That being said…

I prefer the honest leader too. I once worked for someone that was always encouraging our team, told us how he was on our side 100%, asked what roadblocks they could help remove… on and on. In the end, they told their second in command to watch our team like a hawk, to introduce new initiatives and ultimately fired the SVP that he “was totally behind.”

Appearances were definitely deceiving and it’s a lesson I’ll never forget.

Thanks for your comment, Samantha!

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LaRae Quy February 10, 2015 at 11:40 am

I chuckled as you talked about those bathing beauties and their selfies 🙂

My favorite is this: “Stop being so superficial – it’s not attractive.” I do think this is one of the few benefits of growing older—the ability to grow deeper roots and appreciate the people we truly are, not who we think we want to be.

This takes maturity—and sometimes it does not come with age; age just shows up by itself, but with a little persistence and nudging we can all grow into the person we’ve always meant to be…

Great post, Alli!

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Alli Polin February 11, 2015 at 6:34 am

I’ve definitely mellowed with age and I think that the most growth happened when I stopped looking at what everyone else was doing and looked within. I hired a coach, focused on personal development and stopped waiting to be “that person” I was already there in me, and I just needed the courage to be me.

Thanks for your comment, LaRae!

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Tom Rhodes February 11, 2015 at 8:42 am

Alli,

Just yesterday I heard one of our Managers tell an associate they wanted an area to be perfect for the next day. It made me cringe thinking how much time would be waisted looking for the illusion of perfect. Perfection is one of the top time wasters we have. I Love the concept of working to move from good to great in whatever your role may be at the same time I would much rather have an honest best effort with real results than a pretty picture painted over a cracked canvas.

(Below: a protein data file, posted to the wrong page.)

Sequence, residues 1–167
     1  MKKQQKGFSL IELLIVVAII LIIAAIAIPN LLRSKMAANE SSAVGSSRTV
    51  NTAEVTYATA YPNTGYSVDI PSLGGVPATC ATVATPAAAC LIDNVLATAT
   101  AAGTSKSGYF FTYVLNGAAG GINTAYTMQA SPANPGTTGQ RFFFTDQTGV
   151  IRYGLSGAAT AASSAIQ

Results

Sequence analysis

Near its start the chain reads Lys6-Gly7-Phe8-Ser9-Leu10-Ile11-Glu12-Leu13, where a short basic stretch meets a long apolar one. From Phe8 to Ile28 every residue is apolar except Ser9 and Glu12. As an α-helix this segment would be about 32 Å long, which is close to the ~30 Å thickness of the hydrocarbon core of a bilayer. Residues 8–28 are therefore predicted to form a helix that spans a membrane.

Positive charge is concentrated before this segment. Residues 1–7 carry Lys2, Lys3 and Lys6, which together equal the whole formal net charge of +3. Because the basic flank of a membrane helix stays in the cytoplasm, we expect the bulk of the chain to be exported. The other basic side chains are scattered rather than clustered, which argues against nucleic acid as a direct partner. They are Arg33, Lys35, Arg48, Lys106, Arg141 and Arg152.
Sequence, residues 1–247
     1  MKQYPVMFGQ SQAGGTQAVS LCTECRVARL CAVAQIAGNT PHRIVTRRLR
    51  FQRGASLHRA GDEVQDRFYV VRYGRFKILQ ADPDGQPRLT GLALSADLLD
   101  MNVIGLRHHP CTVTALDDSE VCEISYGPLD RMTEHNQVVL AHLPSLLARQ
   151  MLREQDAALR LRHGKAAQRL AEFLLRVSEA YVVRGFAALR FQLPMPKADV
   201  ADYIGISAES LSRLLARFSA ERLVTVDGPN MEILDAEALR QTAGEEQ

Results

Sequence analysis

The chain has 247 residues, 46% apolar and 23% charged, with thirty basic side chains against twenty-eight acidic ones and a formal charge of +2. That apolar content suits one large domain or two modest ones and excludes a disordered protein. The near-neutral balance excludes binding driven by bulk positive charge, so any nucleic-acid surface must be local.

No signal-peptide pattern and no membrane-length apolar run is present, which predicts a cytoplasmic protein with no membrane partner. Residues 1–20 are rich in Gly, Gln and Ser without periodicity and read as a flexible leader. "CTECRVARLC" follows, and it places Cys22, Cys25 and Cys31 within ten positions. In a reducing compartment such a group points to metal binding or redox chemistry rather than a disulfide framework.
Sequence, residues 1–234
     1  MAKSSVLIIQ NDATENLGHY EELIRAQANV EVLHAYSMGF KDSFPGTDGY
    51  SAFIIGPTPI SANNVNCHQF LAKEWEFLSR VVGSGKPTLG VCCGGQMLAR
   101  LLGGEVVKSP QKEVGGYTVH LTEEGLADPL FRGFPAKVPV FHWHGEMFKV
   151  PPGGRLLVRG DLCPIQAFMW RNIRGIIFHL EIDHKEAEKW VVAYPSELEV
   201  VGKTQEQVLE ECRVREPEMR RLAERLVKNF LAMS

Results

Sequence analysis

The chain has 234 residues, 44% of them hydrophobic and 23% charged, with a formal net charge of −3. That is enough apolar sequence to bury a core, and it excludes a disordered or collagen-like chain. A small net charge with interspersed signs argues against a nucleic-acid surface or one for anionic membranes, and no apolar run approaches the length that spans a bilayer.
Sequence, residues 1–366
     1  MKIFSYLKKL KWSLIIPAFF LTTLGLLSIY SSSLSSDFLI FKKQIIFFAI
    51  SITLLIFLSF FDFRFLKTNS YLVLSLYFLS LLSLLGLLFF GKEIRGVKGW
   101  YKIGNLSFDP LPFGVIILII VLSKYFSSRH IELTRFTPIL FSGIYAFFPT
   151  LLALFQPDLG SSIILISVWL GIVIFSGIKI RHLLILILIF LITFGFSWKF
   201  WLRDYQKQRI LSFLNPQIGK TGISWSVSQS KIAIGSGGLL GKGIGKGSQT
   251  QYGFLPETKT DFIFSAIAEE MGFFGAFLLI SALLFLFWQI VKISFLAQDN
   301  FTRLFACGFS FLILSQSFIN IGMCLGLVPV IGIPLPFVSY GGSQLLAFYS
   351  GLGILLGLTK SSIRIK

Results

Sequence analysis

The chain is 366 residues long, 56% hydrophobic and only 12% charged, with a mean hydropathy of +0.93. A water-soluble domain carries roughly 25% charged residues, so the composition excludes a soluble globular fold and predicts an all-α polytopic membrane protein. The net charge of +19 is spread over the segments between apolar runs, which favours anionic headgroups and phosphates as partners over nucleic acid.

Leadership is not about perfect anymore than life is about being perfect. Give yourself and others a real best you. They follow you because you are giving them the respect of honesty. That matters much more to people than your attempts at perfect.

Thanks for all you do.

Tom

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Alli Polin February 13, 2015 at 5:22 am

Wise words from you, Tom.

Also, I agree, respect for self and others, honesty and integrity are critical. Perfection is something that leaders everywhere demand from their team but more often than not, do not deliver it themselves… then again, it’s impossible to be perfect 24/7. The best we can do is to be human.

Thanks for sharing that story. Really honest and real example of what happens in the world of work.

Thanks, Tom!

Alli

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Brian Smith February 11, 2015 at 3:51 pm

I gave up being perfect years ago Alli – Too big of a burden to carry. 🙂 Besides perfection is highly over rated. You just need to be good enough for you

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Alli Polin February 13, 2015 at 5:23 am

You are an in demand speaker, trainer and reformed control freak. I hope that means that organizations are starting to get the message about what works.

Grateful for your comment! Thanks, Brian!

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Cynthia Bazin February 13, 2015 at 7:31 pm

Ali! There you go again doing an AMAZING post! I absolutely love everything you talk about. And love the ‘click to tweet’ in your posts. AWESOME! 🙂

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Alli Polin February 13, 2015 at 7:59 pm

Thanks so much! Greatly appreciate your support, Cindy!

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Brenda Lee March 12, 2015 at 12:14 pm

Hey Alli,

I absolutely love this post. Like the cute lil girls taking numerous selfies to obtain that perfect photo, I find it happening as well in Corporate America. It bothers me that people would rather share “falsities” versus the “truths” just because they are less than perfect. That is what is wrong with society. I admire a product commercial that shows the truths, although the ASPCA commercials make me cry, they aren’t trying to sugar coat it to get what they want.

Inspiring post as always. Thank you Alli!

B